Obama's Vatican Pick: Boosting Hispanic Catholics

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Left: Brooks Kraft / Corbis

Obama, left, and Miguel Diaz

Barack Obama has an uncanny ability to disarm critics, especially those itching for a fight, and it was on full display this past week. His choice of federal judge Sonia Sotomayor as a Supreme Court nominee, of course, got all the attention. But another key appointment of a Hispanic with top-notch credentials and a compelling personal story also showed just how good the President is at keeping his opponents off balance. In fact, in selecting Catholic scholar Miguel Diaz to be the new ambassador to the Holy See, Obama not only neutralized potential controversy, but also highlighted a potential weakness of the U.S. Catholic Church these days. (See TIME's photo-essay "Sonia Sotomayor: The Making of a Judge.")

If confirmed, the Cuban-American Diaz would be the first theologian to hold the diplomatic post, and he would become one of the country's most influential Hispanic Catholics. The choice is a shrewd one for a White House that has been under fire from leading conservative Catholics in the first few months of the Administration. What could have been an ugly confirmation battle may well proceed with all the rancor of a first-communion party. (See pictures of Pope Benedict XVI.)

While the relationship between the U.S. and the Vatican has become an important one, the two have enjoyed full diplomatic relations only since 1984. Over the past 25 years, ambassadors to the Holy See have either been Catholic politicians or close personal friends of the President who appointed them. Ronald Reagan chose California businessman William Wilson; Bill Clinton selected former Boston mayor Ray Flynn and former Congresswoman Lindy Boggs; and George W. Bush's first ambassador was former RNC chair Jim Nicholson.

Nominating a Catholic pol to the position would have been a risk for Obama. His selection of Kansas Governor Kathleen Sebelius to lead the Department of Health and Humans Services generated protests from conservatives who questioned whether a politician who supported abortion rights could be a real Catholic. A Catholic politician — even one with pro-life views — would probably have been subjected to a thorough review of her record and asked to explain any votes against abortion restrictions.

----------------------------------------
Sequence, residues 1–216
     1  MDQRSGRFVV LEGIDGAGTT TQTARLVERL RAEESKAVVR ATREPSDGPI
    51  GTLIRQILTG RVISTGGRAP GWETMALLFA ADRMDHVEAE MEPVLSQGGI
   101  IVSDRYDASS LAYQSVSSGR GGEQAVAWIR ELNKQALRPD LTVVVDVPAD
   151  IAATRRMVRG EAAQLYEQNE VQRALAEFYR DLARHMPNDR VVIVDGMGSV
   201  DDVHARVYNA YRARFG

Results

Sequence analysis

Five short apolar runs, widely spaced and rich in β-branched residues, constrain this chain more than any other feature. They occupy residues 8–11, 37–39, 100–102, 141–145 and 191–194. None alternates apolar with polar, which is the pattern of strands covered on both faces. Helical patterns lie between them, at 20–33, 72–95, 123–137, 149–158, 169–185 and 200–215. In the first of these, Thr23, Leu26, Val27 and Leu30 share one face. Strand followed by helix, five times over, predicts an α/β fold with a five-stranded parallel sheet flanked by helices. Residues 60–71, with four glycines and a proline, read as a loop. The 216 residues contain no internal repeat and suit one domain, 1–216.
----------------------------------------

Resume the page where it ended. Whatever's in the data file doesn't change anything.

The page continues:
Instead, Diaz is a Catholic theologian and professor at the College of St. Benedict and St. John's University in Minnesota. He is a board member of the Catholic Theological Society of America and a scholar of the German theologian Karl Rahner, one of Pope Benedict's mentors. Diaz, who happens to be pro-life, served on the Obama campaign's Catholic advisory group during the 2008 campaign. Like Sotomayor, he is the child of immigrants and was the first person in his family to attend college.

If Diaz's background as a theologian insulates him from inquiries about an abortion voting record, his Hispanic identity puts potential critics in a bind as well. The U.S. Catholic church may be the one institution more worried than the GOP about losing Hispanics. One-third of U.S. Catholics are Hispanic, and among younger Catholics, the percentages are even larger. A full 60% of American Catholics under age 30 are Hispanic. Father Thomas Reese of the Woodstock Theological Center recently noted on the Washington Post's OnFaith site that studies show 1 out of 3 Catholics has left the church over the course of their lives. "The only reason Catholics continue to be a stable percentage of the U.S. population," he wrote, "is that Hispanics are making up for the white Catholics who are leaving."

Even so, the U.S. Catholic Church has been slow to respond to this new reality. Only 9% of active Catholic bishops in this country are Hispanic, and just one of the 31 archbishops is a Latino. Religion & Ethics Newsweekly reported last year that only 6% of Catholic clergy even speak Spanish. There are exceptions — the new Archbishop of New York, Timothy Dolan, delivered part of his inaugural sermon there in Spanish, and Los Angeles Cardinal Roger Mahoney has been a strong national voice in favor of immigration reform.

But as in Central and South America, the Catholic Church is steadily losing Hispanic congregants to Evangelical denominations. A 2007 Pew Forum on Religion and Public Life survey found that half of Hispanic Catholics prefer charismatic worship styles and practices. In some cases, they are able to find that in Catholic parishes. But where they can't, they are turning to Pentecostal and other Evangelical traditions instead. Although 68% of Hispanics in the U.S. are still Catholics, that percentage has dropped from 78% in the early 1970s.

The job of ambassador to the Holy See is unusual — there are no visa issues to deal with, no military actions to observe and report. At a conference on May 28 at Catholic University to discuss the past 25 years of U.S.-Vatican relations, former ambassador Nicholson said that one of his duties in the post was preparing a quarterly memo to the State Department outlining his best guess of who would be elected as a successor if the Pope died. Pope Benedict would probably prefer to debate Rahner's theological arguments with Diaz than to speculate about his own demise. But he will find in Diaz a representative of the U.S. Catholic Church's future — and an indication that the new Administration not only intends to take its relationship with the Vatican seriously, but that it won't make it easy for conservative Catholics to attack it.

See TIME's photo-essay of church hats.

See pictures of the Pope in France.